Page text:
“This text is an experiment with a speculative form which is neither as “objective” as science, nor as subjective as science-fiction. ‘Science non-fiction’ is not just a neologism. Even though it involves world-making, its logic is closer to design, for which models of non-existent or unknown entities are constructed and judged based on their function, and not on their ability to produce knowledge or contribute to a plot. However, unlike design, for which the challenge of invention is material and physical, science non-fiction’s construction of new machines is a conceptual project charged with a sobering historical neutrality; by blending the logic of science and science-fiction, science non-fiction holds the positive and the negative, its own nightmares as well as its dreams.
Science non-fiction is similar to what Nick Land calls “Hyperstition”.1 However, unlike Hyperstition, or at least its normative understanding, science non-fiction has little to do with the axiomatic processes described by the political economists Jonathan Nitzan and Shimshon Bichler through which power accumulates as capital.2 For them hype is a constitutive mechanism in the process they call capitalization, an element of what they call ‘creorder’ – create and order – for the purpose of managing risks. For them hype is the cultural and ideological mechanism through which capital transfers the possible risks involved in the differential accumulation of power to those on the losing side of the equation. This is why there has to be a distinction between Nitzan’s and Bichler’s secular notion of hype and the more philosophical notion of hyperstition which was originally proposed by Land and was later rearticulated by Reza Negarestani. Science non-fiction is my attempt to delineate the philosophical hyperstition from its common sense understanding as hype-rstition. This is not to suggest that the former does not overlap with the latter but that their conflation not only runs the risk of legitimizing certain unethical technologies of capital as emancipatory necessities, but that this confusion also returns us to the cynical reading of Foucault’s ideas about power and knowledge. Therefore, hype-rstition is the ultimate triumph of the poststructuralist false assumptions about the purely discursive essence of truth.”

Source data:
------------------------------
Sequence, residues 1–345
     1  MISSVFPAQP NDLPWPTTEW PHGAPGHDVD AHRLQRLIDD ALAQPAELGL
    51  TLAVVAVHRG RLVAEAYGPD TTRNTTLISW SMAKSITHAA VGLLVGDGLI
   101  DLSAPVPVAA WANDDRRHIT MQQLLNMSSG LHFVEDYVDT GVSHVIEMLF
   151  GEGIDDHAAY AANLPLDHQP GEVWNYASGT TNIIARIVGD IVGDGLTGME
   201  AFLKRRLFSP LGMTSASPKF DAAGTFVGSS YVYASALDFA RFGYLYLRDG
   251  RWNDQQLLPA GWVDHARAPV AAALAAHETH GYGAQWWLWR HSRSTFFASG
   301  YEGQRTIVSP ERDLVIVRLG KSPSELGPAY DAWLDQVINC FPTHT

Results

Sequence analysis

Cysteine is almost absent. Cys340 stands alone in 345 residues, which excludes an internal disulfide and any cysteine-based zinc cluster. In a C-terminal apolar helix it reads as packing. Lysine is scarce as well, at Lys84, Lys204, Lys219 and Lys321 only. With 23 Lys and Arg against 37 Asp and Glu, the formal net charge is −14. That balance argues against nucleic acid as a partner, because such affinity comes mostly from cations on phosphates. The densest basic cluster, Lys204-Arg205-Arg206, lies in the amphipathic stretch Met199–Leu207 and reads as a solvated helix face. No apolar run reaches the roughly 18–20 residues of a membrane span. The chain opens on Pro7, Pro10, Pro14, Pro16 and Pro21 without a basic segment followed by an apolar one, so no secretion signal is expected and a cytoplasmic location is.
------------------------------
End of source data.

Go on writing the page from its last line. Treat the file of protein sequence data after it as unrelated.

video @
rest of text @ An Introduction to the Cybernetic Science Non-Fiction of Contemporary Geopolitics – See more at:

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The Atomization Trap – Nick Land

“Under current conditions, atomization serves – uniquely – as an inexhaustible tube of reactionary glue. Profound aversion to the process is the sole common denominator of our contemporary cultural opposition, stretching from traditionalist Catholicism to alt-right ethno-nationalism. “Whatever our preferred glue, can’t we at least agree that things have become unglued – and are ever less glued?” That seems very far from an unreasonable aspiration. After all, if coalition building is the goal, what – imaginably – could provide a better rallying point than the very principle of social integrity, even if this is invoked purely, and negatively, by way of an anathematization directed at its fatal historic foe? Atomization, in this regard, brings people together, at least conversationally, though this works best when the conversation doesn’t get very deep.”
rest @